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Ten Events That Shaped the Adirondacks

The history of this region is as vast and bewildering as the landscape itself. So here’s a handy cheat sheet: my picks for the 10 most ground-shaking events around these parts. And since there isn’t anything about this place that isn’t worth a prolonged debate, feel free to take issue.

The Big Ice-Out  8,988 B.C.E, give or take a millennium or two

After a grinding on-again, off-again relationship, the last giant glacial sheet finally ran out on the region for good about 11,000 years ago, leaving more than 1.5 million years of memories, plus a breathtaking landscape of peaks, valleys and about 3,000 puddles.

Fools Rush In  1869

William H. H. Murray’s Adventures in the Wilderness hit the shelves and the railroad stations (Delaware & Hudson gave out free copies with a roundtrip ticket to the region) and a flood of “Murray’s Fools” cascaded into the woods, bringing both cash and conflict.

Making Tracks  1871

When the New York Times pointed to the Adirondacks as a potential Central Park for the World in 1864, railroad mogul Thomas C. Durant was already plotting the trail in, with a proposed track from Saratoga to Ogdensburg. Although the line never made it all the way, Durant’s train was the first to chug into the Adirondack backcountry, arriving in North Creek in 1871.

On the Map  1872

Verplanck Colvin, a self-taught surveyor, began his state-funded topographical survey of the Adirondack Mountains; he spent decades exploring, mapping and advocating for the land that would become the Adirondack Park.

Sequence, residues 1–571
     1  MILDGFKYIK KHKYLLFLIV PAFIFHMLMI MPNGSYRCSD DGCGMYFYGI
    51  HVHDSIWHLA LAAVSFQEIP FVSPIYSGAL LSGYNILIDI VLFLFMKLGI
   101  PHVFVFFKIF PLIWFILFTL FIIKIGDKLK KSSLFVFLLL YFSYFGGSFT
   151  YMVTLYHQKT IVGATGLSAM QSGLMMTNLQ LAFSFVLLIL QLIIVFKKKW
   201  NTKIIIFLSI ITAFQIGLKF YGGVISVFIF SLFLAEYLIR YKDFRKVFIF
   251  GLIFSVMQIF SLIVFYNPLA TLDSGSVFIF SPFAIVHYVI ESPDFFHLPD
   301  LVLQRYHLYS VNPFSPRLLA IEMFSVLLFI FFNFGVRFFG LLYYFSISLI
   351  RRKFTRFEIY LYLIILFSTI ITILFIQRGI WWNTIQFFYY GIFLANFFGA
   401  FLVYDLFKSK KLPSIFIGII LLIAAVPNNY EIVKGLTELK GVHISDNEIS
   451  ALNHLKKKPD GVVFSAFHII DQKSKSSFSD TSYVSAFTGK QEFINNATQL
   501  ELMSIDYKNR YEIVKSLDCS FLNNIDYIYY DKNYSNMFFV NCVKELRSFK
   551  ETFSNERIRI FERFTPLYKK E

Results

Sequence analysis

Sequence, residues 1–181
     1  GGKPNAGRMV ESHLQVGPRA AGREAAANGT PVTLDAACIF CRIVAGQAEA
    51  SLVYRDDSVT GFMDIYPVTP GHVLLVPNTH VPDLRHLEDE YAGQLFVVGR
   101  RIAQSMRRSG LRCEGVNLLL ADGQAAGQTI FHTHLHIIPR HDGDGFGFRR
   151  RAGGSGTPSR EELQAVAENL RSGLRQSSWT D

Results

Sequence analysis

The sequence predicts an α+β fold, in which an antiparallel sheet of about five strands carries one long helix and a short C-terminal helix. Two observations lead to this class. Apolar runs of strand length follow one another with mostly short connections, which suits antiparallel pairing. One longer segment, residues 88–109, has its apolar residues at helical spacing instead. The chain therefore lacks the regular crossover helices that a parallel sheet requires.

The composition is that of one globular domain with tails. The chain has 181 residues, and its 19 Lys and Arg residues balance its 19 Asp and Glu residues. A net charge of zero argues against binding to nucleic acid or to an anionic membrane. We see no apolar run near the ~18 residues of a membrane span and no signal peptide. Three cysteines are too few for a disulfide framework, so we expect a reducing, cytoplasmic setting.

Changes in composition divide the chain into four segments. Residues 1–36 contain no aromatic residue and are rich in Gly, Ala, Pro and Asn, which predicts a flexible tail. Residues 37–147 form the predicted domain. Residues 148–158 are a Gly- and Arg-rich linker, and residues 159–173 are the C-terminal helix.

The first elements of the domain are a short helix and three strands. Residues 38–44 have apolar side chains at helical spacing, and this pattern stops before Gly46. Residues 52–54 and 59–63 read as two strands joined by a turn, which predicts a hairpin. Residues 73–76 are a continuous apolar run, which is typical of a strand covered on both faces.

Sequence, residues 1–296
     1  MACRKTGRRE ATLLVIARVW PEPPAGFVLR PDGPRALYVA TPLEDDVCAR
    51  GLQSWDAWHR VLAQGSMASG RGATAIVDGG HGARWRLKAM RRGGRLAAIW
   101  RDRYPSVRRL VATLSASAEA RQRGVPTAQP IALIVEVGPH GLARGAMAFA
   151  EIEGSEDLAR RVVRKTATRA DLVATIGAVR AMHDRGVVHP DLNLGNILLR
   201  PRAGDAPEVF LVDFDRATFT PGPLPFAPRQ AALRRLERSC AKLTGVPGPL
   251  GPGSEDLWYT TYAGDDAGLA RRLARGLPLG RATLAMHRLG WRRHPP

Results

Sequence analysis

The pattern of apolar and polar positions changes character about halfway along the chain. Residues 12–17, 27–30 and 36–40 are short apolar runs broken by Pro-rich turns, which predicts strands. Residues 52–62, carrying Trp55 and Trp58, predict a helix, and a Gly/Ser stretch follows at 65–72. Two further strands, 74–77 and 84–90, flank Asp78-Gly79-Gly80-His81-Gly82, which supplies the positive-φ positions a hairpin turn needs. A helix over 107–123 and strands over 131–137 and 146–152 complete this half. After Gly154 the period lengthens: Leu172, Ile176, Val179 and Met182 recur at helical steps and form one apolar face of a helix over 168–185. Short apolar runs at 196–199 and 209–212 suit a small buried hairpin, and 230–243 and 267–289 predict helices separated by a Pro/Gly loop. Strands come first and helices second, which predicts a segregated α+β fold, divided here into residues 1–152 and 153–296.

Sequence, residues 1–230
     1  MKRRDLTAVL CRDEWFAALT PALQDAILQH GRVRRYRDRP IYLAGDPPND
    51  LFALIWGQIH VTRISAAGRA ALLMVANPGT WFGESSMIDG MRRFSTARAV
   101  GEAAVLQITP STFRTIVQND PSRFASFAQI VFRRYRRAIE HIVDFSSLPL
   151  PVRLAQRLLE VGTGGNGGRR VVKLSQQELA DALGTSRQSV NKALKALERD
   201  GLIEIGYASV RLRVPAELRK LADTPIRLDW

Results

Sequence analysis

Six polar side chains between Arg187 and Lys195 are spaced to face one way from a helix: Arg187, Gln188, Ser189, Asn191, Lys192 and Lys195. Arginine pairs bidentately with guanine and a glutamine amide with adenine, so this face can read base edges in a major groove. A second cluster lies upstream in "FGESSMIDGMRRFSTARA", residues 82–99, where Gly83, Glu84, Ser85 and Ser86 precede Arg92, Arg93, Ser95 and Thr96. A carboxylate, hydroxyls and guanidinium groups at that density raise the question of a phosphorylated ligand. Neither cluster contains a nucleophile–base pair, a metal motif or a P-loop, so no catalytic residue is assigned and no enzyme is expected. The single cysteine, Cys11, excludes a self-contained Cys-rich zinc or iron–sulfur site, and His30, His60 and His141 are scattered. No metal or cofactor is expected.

Thin Blue Line  1892

The state legislature established the Adirondack Park, a 2,800,000-acre parcel set off by a blue line on maps. The boundary was expanded several times over the next century, topping out just shy of six million acres.

Wild at Heart  1895

“Forever Wild” was inked into the New York State constitution: “The lands of the state, now owned or hereafter acquired, constituting the forest preserve as now fixed by law, shall be forever kept as wild forest lands.”

Burn Out  1908

Sparks from a passing train destroyed the town of Long Lake West, capping off months of devastating blazes that leveled 300,000 acres. Coupled with fires that burned more than 600,000 acres in 1903, this disastrous season brought new regulations for railroads and logging companies. In 1909 the first Adirondack fire tower went up on Mount Morris near Tupper Lake.

Long and Winding Road  1958

Construction began on the Adirondack Northway; the last stretch of this 200-mile mass-conveyance from Albany, through the eastern Adirondacks, to the Canadian border was completed a decade later. The faster, easier access fueled fears of unchecked development and, in 1968, Governor Rockefeller appointed a commission to consider the future of public and private lands within the park.

Control Group  1971

The state legislature created the Adirondack Park Agency (APA) to classify and oversee public and private land inside the Blue Line. The organization quickly became a source of controversy, drawing protests, threats and even loads of manure from irate landowners.

Let’s Make a Mega-Deal  2007

After centuries of colossal Adirondack real-estate grabs, by 2007 only one huge privately owned timberland remained: 161,000 acres in the heart of the park owned by lumber giant Finch, Pruyn and Company. When it changed hands that year, the deal was pure Adirondack (read: convoluted). Of the original tract, the initial purchaser, the Nature Conservancy, still holds 65,000 acres in trust for New York State. A Danish pension fund owns another 92,000 acres, with a conservation easement, now held by the state, covering 89,000 of those acres.

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